I work at a research 1 university in a NASA sponsored program in a college of engineering. We are focused on space - the final frontier. Our students work on space hardware missions ranging in complexity from balloon payloads (launched on weather balloons) to sounding rocket payloads, all the way up to low earth orbiting satellites. Most of the students who come through our program are interested in working at NASA or supporting industries. Nevertheless, many are recruited into the defense industry. We are a tiny program that works on a budget of approximately $1M (which is huge compared to other departmental programs in the humanities, but tiny in the engineering world). We write grants and beg for funds constantly, and yes, we ask defense corporations for money to support student programs all the time. For the most part, I try and forget that we have direct ties to the defense industry by focusing on the inner-city, low-income K-12 programs I oversee and our alumni who now work at NASA centers around the country. Today I played "Token" at a meeting at one of the leading defense companies in the U.S., where we traveled to beg money to support students. I've been to defense industry buildings before, but never to as massive a campus as I was at today.
It was HUGE. Countless buildings, people everywhere, very strict security to gain access. As I was sitting in a meeting (the only woman and person of color surrounded by 20 white guys - most over the age of 45) I grew more and more sad as I listened to intelligent people talk about doing good things, with the knowledge that they would all go back to their offices and do their part to make killing people (mostly brown, poor people) be done more efficiently and effectively. Also, knowing that I'm doing my part to get the next generation of folks in their ranks. (Ward Churchill's "little Eichmann" kept running through my mind - as I am one.) All I kept thinking about was that if we threw this much money and resources at ANYTHING, we'd be really good at it. What if I was in a huge campus of buildings and thinkers who were working to eradicate poverty, or to find a cure for AIDS, or even to figure out how to make sure all people on Earth started on a level playing field, or how to stop the ice caps from thawing... In fact, several of the men around the table are amazing humans. I've known some of them many years now. I'd be willing to bet that 90% of the people working on that campus would rather be working outside the defense industry, but that's where they work for the money. Some of them probably even enjoy the challenges they face when they're working to solve problems and design innovative solutions. Imagine how much more satisfying it would be to put that same effort and expertise toward benefiting humanity instead of contributing to the killing machine. (Honestly, although I consider myself a space geek and love science, I even question spending so much on space initiatives when there are other things that could use the money we're spending to get humans back on the moon.)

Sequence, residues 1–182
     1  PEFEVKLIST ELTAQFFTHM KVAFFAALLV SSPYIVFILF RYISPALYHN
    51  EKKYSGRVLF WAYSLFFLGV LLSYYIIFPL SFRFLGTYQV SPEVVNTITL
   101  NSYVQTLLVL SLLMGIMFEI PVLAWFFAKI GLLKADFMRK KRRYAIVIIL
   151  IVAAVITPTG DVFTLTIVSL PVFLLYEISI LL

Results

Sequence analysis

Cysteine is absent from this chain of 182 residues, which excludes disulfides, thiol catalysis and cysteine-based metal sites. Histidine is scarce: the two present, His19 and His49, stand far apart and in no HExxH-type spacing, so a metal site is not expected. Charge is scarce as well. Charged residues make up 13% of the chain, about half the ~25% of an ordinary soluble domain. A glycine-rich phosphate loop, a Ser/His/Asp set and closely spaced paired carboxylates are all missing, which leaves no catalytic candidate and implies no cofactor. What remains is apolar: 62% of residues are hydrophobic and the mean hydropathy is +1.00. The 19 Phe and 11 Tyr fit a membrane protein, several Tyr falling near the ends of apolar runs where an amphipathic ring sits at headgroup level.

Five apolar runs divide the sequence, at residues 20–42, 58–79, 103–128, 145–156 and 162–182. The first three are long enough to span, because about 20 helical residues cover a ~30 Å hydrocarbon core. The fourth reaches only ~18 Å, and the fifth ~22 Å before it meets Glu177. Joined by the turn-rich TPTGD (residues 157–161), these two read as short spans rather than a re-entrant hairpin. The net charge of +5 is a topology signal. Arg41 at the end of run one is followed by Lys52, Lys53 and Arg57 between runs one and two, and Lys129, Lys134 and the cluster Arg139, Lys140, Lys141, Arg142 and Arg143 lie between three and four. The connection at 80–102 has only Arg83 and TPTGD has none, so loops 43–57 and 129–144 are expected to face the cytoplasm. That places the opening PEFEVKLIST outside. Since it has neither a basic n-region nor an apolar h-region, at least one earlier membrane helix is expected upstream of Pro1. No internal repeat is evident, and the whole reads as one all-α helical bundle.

I talked about this with an office mate when I got back to the university campus. She said, "People spend money on the craziest things." All I could think was that I spend money on defense as a U.S. taxpayer. I spend a hell of a lot of money on defense. What is wrong with us!? Why are we so obsessed with "defense"? I don't think it's a new thing - I think it's been around for a long time. And it's not just a U.S. obsession (although we're working hard to perfect it).
I am a radical feminist of color who does what I can to make the world a better place and to contribute to change, but being surrounded by the collection of wealth and expertise working toward "defense" today, I wondered how we can ever change the direction the machine is headed with minuscule grassroots efforts? I know this feeling will pass, but it is sure strong today.